[[ PDF / Epub ]] ☆ The First Century Author William K. Klingaman – Justinfoline.us

The First Century An Engrossing Popular History Of The Major Events And People At The Time Of Jesus, The Roman Empire, And The Han Dynasty.

[[ PDF / Epub ]] ☆ The First Century  Author William K. Klingaman – Justinfoline.us
  • Paperback
  • 416 pages
  • The First Century
  • William K. Klingaman
  • English
  • 23 March 2018
  • 0060921277

    10 thoughts on “[[ PDF / Epub ]] ☆ The First Century Author William K. Klingaman – Justinfoline.us


  1. says:

    Extremely well written, engaging account of the global Eurasian system of the first century CE through the eyes experience of the chief powerbrokers of the era, mainly those in Rome, Judea, Parthia, China From their perspectives, the continental mechanisms of exchange that were emerging offered considerable reward even as they required considerable regulation and supervision The biographic approach allows the author to cast light on the cultural underpinnings as well as the political and mil Extremely well written, engaging account of the global Eurasian system of the first century CE through the eyes experience of the chief powerbrokers of the era, mainly those in Rome, Judea, Parthia, China From their perspectives, the continental mechanisms of exchange that were emerging offered considerable reward even as they required considerable regulation and supervision The biographic approach allows the author to cast light on the cultural underpinnings as well as the political and military methods employed in lahying the foundations for a vast Eurasian market their achievements are quite remarkable given the limited technology of the times The methods employed and the severe character flaws of key players inspire in the reader great sympathy for the mass of people who had to endure the consequences of the policies the emperors pursued The dangers of autocracy are clearly o...


  2. says:

    Plugged as Emperors, Gods and Everyman , this book has a distinct lack of everyman While this is a decent popular history book with an interesting slant it runs parallel chapters on the Roman Empire, Early Christianity and the Han Dynasty mostly through the First Century...


  3. says:

    It is difficult for me to rate this, for at first I enjoyed it especially the style of alternating between China and Rome, giving a muchcomplete picture of the 1st century than most Euro centric history books do but by the end I found it extremely tedious, rather dull, spurned on too much by the author s pop psychologizing and inability to make his long dead cast of characters come alive While it seemed over the first three decades that relatively equal treatment was bein...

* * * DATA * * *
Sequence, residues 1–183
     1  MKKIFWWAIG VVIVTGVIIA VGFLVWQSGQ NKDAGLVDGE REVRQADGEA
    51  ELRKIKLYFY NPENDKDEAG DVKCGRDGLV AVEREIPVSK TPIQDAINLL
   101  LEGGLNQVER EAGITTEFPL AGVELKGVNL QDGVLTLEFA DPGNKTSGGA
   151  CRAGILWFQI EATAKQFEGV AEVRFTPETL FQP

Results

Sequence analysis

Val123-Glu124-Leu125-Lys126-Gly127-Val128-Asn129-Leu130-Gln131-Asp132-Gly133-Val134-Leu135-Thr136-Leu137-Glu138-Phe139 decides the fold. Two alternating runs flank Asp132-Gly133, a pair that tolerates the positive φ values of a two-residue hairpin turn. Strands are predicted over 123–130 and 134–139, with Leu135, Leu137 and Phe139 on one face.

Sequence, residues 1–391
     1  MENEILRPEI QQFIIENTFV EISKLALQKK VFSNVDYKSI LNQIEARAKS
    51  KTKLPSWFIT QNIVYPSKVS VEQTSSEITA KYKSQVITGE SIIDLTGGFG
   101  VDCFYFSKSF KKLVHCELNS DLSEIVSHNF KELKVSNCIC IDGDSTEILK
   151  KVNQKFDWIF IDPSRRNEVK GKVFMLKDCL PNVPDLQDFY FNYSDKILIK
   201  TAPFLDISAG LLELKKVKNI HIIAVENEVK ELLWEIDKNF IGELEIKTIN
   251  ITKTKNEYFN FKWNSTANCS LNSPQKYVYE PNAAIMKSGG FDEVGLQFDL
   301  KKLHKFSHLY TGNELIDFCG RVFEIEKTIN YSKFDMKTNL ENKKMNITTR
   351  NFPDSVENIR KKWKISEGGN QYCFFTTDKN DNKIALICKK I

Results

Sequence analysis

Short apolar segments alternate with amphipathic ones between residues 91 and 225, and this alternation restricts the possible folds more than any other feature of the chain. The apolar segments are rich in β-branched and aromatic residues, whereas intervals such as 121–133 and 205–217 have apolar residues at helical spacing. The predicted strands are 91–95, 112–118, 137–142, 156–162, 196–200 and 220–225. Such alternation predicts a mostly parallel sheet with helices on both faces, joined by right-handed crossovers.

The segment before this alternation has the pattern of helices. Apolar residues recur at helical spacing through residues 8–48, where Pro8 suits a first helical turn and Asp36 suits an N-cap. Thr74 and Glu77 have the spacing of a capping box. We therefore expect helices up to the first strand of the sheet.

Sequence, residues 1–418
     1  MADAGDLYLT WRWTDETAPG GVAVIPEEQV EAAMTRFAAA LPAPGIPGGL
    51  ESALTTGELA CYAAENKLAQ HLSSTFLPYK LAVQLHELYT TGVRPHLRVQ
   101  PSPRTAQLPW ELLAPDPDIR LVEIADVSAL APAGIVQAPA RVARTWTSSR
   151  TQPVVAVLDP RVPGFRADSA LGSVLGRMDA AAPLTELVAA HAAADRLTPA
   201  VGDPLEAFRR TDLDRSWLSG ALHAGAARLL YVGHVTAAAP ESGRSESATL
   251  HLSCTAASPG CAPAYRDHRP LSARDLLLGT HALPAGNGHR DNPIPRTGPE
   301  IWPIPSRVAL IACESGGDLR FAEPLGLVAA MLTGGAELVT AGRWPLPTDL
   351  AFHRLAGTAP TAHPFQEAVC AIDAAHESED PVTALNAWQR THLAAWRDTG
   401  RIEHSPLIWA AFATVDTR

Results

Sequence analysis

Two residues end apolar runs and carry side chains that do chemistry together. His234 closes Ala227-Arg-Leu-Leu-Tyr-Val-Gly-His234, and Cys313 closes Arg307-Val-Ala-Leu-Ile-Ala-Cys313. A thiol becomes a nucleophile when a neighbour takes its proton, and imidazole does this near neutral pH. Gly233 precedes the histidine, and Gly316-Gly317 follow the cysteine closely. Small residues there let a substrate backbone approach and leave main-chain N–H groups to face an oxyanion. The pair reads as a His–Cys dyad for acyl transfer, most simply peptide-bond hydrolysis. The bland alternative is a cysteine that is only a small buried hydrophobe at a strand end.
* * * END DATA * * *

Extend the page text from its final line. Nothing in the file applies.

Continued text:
4. says:

    Essential reading for anyone wanting to understand Western civilization although it ends several centuries before such a picture could possibly be completed I like Klingaman s writing, which is reasonably urbane and witty, although there are odd errors from time to time that should have been caught in editing such as mention of the proto Vietnamese annual tribute to the Chinese empire, which consisted of ivory, spices, rhinoceros horn, tortoise shell, and spices He divides his time betwe Essential reading for anyone wanting to understand Western civilization although it ends several centuries before such a picture could possibly be completed I like Klingaman s writing, which is reasonab...


  5. says:

    I picked this up at a library book sale and, when it finally shuffled to the top of my to read pile, I cringed because I haven t had much luck trying to read ancient history It doesn t seem to be my cup of tea.It was a pleasant surprise then to find in this book such an engaging study of a tumultuous period of the Roman Empire, from the reign of Augustus through the destruction of the Temple in Jerusalem and the siege at Masada My only quibble is that the Chinese chapters didn t seem to belong I picked thi...


  6. says:

    This felt like Klingaman wrote three books one on Rome, one on Judea, and another on China dismantled them, and then reassembled them as one book, but without any transition At least Judea and Rome have a clear cut connection I wasn t exactly sure what the connection between Rome and...


  7. says:

    Clever overview of China, Jerusalem and the Roman Empire during the first century CE, with the weight of the book focused on the Roman Empire Entertaining and informative.


  8. says:

    Hard to put downwell researched as well.

Leave a Reply

Your email address will not be published. Required fields are marked *